WHISPER TO ME ALONE is funded by Arts Council England and partnered with The Booth Centre and Back on Track in Manchester. Photography throughout the twitter poem is by Sue Dean. Other contributors include members of the Inspiring Change Manchester group, associated with SHELTER, and MASH (a charity providing non-judgemental services to women working in the sex industry). Visual tweets were designed by the poets Tom Jenks and Nathan Williams.

Philip Davenport is a poet who co-directs the arthur+martha organisation with artist Lois Blackburn. For the last decade they’ve collaborated with Manchester’s homeless community. During the pandemic WHISPER TO ME ALONE has resulted in poems, songs and an embroidered quilt. Matt Hill is a songwriter who explores people’s experiences to co-write songs — with prisoners, asylum seekers, people experiencing homelessness, and others.

With royal approval…

Necklace of Stars, poetry

“As patron of the Queens Nursing Institute, Her Majesty thanks you so much for your poignant verses…”

(Letter from the Queen’s Lady-in-Waiting Philippa DePass)

We are delighted that Necklace of Stars poet Neil Sessions has been commended by Buckingham Palace for his poem giving tribute to NHS nurses during the pandemic. It was the first poem he read to Phil in their first Necklace of Stars phone conversations – and now his work bears the seal of royal approval. Phil’s notes from the cheery conversation give a flavour of Neil’s mood: “Royal consent! But I’m not going to be big headed about it. I’m biting my lip as I tell you…”

NHS nurses

I call you little angels
That shone so bright
As you stood by your patients
On those warm summer nights

Words have no meaning
As life was slipping by
But there was love and compassion
As the nights whispered by

May each nurse remember
How they helped them
Slip into that heavenly night
With their last breath we all say good night.

This is why you carry a halo
So you can shine some more
To help all the sick people
That need your love and warmth.

Thank you
God bless you all.

Neil Sessions
Example of a Royal Seal, from the previous Elizabeth.

“I’m very uplifted to be acknowledged by the Queen for this poem, it’s a big honour. The poem has appeared in newspapers and magazines and online and all sorts. It is my way of thanking the nurses who look after us all. They bring you into the world and it’s often a nurse who holds your hand when you finally say goodbye. Many people who’ve had Covid describe the nurses as angels. This poem is meant for the nurses who don’t hear the NHS clapping or words of thanks – because they’re still too busy working. It’s passing on appreciation, from the heart. I’ve put a lot of heart into my poems because I’ve needed to, its my way of finding release and of reaching out to people.”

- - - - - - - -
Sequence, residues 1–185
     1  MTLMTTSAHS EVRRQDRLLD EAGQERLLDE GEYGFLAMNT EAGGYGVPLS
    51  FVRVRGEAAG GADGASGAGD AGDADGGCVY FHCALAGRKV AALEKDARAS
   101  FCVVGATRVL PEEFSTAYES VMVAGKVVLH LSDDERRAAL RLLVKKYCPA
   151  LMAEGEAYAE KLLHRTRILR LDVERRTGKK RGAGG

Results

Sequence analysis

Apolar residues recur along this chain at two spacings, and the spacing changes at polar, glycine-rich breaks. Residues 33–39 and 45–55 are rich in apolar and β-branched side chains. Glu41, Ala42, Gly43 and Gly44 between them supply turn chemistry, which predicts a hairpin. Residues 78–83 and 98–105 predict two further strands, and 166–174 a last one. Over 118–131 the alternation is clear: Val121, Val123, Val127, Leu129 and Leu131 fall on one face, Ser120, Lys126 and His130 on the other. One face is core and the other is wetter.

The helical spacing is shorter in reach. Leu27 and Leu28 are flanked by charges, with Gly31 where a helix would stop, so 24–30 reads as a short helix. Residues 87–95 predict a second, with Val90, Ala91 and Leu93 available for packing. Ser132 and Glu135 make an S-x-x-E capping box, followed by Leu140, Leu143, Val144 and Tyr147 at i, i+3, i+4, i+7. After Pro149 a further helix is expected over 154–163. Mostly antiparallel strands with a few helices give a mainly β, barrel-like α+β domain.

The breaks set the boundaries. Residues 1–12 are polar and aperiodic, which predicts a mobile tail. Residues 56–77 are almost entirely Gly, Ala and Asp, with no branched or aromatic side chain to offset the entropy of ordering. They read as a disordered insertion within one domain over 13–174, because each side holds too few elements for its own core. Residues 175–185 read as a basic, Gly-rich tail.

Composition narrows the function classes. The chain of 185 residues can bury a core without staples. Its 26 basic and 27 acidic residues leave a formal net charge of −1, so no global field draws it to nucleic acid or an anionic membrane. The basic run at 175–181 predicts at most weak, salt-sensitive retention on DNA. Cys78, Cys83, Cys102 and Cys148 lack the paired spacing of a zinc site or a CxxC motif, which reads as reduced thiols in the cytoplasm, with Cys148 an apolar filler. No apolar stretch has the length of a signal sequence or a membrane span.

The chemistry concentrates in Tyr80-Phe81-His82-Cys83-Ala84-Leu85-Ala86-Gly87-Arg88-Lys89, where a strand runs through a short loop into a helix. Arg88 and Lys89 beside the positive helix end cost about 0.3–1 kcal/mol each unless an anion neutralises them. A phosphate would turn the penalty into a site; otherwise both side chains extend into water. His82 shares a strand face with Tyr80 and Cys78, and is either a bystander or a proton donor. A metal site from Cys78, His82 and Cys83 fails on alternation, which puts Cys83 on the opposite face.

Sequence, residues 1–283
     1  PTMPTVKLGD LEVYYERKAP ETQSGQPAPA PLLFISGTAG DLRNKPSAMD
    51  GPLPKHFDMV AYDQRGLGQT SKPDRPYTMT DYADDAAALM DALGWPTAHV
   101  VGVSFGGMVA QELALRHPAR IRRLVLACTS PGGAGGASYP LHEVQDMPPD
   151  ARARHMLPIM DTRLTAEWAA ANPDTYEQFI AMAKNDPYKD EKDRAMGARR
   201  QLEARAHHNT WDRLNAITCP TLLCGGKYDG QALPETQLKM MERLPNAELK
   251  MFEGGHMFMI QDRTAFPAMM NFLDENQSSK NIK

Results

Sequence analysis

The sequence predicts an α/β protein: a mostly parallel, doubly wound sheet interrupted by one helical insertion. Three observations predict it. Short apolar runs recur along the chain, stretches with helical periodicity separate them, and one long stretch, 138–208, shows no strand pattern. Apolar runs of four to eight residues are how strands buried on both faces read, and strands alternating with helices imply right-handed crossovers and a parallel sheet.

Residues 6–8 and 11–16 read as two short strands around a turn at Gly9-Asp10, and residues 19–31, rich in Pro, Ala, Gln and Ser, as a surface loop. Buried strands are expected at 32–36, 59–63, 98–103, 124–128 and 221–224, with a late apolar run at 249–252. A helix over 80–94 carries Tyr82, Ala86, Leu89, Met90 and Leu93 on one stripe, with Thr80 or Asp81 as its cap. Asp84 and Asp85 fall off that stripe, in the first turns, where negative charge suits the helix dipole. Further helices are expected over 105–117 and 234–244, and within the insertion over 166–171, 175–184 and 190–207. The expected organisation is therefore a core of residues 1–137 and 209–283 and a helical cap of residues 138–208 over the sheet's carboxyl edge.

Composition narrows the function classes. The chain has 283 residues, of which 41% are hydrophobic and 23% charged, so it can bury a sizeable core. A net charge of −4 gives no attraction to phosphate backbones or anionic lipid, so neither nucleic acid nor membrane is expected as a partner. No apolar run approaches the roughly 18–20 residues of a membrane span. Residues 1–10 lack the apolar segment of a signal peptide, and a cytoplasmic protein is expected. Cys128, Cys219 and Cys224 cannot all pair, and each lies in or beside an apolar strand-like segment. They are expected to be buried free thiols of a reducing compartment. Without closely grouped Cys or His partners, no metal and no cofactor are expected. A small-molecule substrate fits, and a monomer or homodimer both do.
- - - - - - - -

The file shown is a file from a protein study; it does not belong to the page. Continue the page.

Neil

A Necklace of Stars, working with older people in Derbyshire, is supported by Arts Council England, Arts DerbyshireDCC Public Health and Derbyshire County Council Home Library Service. This project is particularly aimed at countering isolation; during the pandemic we’ve been working using distance methods – phone conversations and post.

The feel good factor

Here Comes the Sun, Projects, quilts, Whisper to me alone

Hands sanitised, masks on, socially distanced, we sat and talked, we all took small steps together out of lock-down, a lock down state of mind as much as a physical one. ‘S’ explained how nervous she’d been coming in on the bus, going into the unknown- for all of us, it was the first time in a group workshop for many months.

Phil and I have enjoyed keeping busy working since the beginning of lock down, connecting with people, finding ways to support creativity via postal packs, the phone, and on-line. Today was something different, something very special, creating work for the collaborative quilt ‘Here Comes the Sun’, part of the Whisper to Me Alone project. The host venue was Back on Track, it’s an inspirational Manchester charity that supports people who have been homeless or had mental health problems.

Our theme is the sun, a symbol of hope and re-starts, of warmth and comfort, of gift giving, as one participant described; “The feel good factor”.

A seemingly innocent and simple theme, it still leaves plenty of room for the imagination: “You don’t see dawn in the city, you don’t see sunrises, the blocks get in the way.”

Then the joy of putting our ideas onto paper started, the artistic play. I took in one of my favourite materials, oil pastels and ‘Brusho’. Brusho is a fabulous highly pigmented watercolour powder, you mixed with water, or sprinkle. The magic of creativity with your hands soon took over, creating a hushed room, heads down concentrating, the outside world disappeared.

20 fabric packs were laid out for our group to choose from. One at a time we walked with favourite paintings in hand to find the fabrics that matched the colours, texture and mood of the paintings. One of the group had experience of embroidery, the others- this was something new.